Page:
Bestselling author Michael Shermer's exploration of science and morality that demonstrates how the scientific way of thinking has made people, and society as a whole, more moral
From Galileo and Newton to Thomas Hobbes and Martin Luther King, Jr., thinkers throughout history have consciously employed scientific techniques to better understand the non-physical world. The Age of Reason and the Enlightenment led theorists to apply scientific reasoning to the non-scientific disciplines of politics, economics, and moral philosophy. Instead of relying on the woodcuts of dissected bodies in old medical texts, physicians opened bodies themselves to see what was there; instead of divining truth through the authority of an ancient holy book or philosophical treatise, people began to explore the book of nature for themselves through travel and exploration; instead of the supernatural belief in the divine right of kings, people employed a natural belief in the right of democracy.
In The Moral Arc, Shermer will explain how abstract reasoning, rationality, empiricism, skepticism--scientific ways of thinking--have profoundly changed the way we perceive morality and, indeed, move us ever closer to a more just world.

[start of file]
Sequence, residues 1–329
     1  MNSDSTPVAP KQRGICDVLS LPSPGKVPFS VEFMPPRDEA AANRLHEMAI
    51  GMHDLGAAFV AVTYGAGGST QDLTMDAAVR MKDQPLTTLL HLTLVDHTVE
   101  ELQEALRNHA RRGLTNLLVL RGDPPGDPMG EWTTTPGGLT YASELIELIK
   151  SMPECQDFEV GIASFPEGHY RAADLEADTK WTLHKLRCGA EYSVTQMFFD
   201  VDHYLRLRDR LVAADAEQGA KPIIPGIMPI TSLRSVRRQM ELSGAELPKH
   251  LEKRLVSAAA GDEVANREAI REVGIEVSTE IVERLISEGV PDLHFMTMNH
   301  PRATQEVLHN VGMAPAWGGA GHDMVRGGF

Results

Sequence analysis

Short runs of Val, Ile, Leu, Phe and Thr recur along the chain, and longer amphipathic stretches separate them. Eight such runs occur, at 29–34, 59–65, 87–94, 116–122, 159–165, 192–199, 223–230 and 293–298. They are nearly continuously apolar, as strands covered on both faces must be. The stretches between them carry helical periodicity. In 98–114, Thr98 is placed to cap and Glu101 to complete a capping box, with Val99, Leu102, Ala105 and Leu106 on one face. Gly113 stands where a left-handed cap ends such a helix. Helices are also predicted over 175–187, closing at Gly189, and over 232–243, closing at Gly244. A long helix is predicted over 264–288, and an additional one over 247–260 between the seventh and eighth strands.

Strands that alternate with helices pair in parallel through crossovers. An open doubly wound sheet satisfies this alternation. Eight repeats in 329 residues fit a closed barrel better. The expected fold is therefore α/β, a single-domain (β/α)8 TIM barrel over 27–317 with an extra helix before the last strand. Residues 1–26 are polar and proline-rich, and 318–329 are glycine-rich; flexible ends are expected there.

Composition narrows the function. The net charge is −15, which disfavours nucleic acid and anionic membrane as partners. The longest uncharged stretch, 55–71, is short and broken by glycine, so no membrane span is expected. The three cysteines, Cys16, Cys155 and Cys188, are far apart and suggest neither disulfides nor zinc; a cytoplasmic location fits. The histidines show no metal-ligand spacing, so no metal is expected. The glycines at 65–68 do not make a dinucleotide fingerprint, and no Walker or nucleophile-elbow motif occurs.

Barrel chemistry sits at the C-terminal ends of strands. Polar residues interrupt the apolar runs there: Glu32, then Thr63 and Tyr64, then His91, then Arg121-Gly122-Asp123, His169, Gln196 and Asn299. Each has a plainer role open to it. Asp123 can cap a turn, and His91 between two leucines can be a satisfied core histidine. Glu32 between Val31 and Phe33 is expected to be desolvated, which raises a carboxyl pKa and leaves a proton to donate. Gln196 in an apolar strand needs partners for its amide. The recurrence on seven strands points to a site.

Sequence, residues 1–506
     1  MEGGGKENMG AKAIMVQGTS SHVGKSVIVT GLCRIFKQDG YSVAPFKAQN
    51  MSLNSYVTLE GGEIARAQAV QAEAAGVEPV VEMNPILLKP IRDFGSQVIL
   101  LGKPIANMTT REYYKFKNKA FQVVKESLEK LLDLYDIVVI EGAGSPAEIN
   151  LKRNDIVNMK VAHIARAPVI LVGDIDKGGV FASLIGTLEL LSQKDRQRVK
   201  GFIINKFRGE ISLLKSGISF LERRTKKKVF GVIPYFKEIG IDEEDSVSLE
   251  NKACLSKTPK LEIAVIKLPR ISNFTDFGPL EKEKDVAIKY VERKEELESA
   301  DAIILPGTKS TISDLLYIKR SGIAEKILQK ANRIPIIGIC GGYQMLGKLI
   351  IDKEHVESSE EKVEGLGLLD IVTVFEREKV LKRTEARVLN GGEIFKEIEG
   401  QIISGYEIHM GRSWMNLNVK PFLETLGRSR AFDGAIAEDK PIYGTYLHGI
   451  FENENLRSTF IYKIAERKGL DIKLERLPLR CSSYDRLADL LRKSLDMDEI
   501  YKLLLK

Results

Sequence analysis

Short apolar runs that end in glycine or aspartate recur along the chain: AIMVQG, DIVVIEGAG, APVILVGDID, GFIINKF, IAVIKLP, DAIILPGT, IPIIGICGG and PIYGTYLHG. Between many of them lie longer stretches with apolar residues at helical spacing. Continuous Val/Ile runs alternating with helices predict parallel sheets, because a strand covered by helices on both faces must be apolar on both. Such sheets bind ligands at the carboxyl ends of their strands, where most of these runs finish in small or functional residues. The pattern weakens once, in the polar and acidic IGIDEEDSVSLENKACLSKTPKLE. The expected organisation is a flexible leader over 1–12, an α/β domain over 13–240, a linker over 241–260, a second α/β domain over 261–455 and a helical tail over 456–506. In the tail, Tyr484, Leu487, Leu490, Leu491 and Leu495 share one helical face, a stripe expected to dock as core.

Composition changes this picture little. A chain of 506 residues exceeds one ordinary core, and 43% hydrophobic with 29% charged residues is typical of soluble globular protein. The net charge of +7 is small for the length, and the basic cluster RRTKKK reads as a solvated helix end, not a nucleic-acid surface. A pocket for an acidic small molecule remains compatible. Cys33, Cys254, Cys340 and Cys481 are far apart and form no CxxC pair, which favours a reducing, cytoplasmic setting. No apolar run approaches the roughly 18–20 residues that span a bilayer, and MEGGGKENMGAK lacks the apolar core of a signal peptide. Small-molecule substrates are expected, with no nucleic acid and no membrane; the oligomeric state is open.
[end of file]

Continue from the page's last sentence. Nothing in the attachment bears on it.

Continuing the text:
Humanity is creating an increasingly just and equitable world, according to Shermer (Why People Believe Weird Things). He argues that this is occurring in large part because our understanding of the natural world has come to depend on reason and science. Shermer ranges broadly across such fields as economics, philosophy, politics, and biology to provide evidence for his thesis. An engaging writer, he offers persuasive data to demonstrate the moral progress that has been made with women's rights, LGBTQ rights, and animal rights. He also documents the abolition of slavery, the reduction in violence (particularly murder rates), and the decrease in war. Shermer is less successful, however, in demonstrating that a scientific worldview should be seen as the cause for all this, and his polemical outbursts detract from the seriousness of his message. More frustrating are his blinkered views on such matters as income inequality and his omission of rampant ecosystem destruction and an increasing extinction rate in his moral calculus. Essentially an apologia for Shermer's libertarian politics, there is still ample material here that warrants attention.